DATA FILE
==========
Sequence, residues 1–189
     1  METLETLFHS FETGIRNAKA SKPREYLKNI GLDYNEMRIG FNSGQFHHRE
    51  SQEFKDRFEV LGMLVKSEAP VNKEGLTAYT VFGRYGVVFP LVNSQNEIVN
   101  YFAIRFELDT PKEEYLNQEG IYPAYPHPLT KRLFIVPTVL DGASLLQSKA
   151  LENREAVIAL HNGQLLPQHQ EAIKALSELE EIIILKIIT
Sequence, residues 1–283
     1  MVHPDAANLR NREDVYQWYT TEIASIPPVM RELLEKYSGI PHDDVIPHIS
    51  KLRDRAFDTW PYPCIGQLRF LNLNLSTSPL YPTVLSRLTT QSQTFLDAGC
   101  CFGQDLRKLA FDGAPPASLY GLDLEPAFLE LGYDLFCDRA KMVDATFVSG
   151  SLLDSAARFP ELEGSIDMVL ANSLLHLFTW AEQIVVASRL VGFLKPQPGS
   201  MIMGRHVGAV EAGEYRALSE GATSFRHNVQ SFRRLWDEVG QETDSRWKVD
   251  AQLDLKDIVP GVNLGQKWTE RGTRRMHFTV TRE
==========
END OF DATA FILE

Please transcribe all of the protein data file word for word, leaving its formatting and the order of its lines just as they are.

Sequence, residues 1–189
     1  METLETLFHS FETGIRNAKA SKPREYLKNI GLDYNEMRIG FNSGQFHHRE
    51  SQEFKDRFEV LGMLVKSEAP VNKEGLTAYT VFGRYGVVFP LVNSQNEIVN
   101  YFAIRFELDT PKEEYLNQEG IYPAYPHPLT KRLFIVPTVL DGASLLQSKA
   151  LENREAVIAL HNGQLLPQHQ EAIKALSELE EIIILKIIT
Sequence, residues 1–283
     1  MVHPDAANLR NREDVYQWYT TEIASIPPVM RELLEKYSGI PHDDVIPHIS
    51  KLRDRAFDTW PYPCIGQLRF LNLNLSTSPL YPTVLSRLTT QSQTFLDAGC
   101  CFGQDLRKLA FDGAPPASLY GLDLEPAFLE LGYDLFCDRA KMVDATFVSG
   151  SLLDSAARFP ELEGSIDMVL ANSLLHLFTW AEQIVVASRL VGFLKPQPGS
   201  MIMGRHVGAV EAGEYRALSE GATSFRHNVQ SFRRLWDEVG QETDSRWKVD
   251  AQLDLKDIVP GVNLGQKWTE RGTRRMHFTV TRE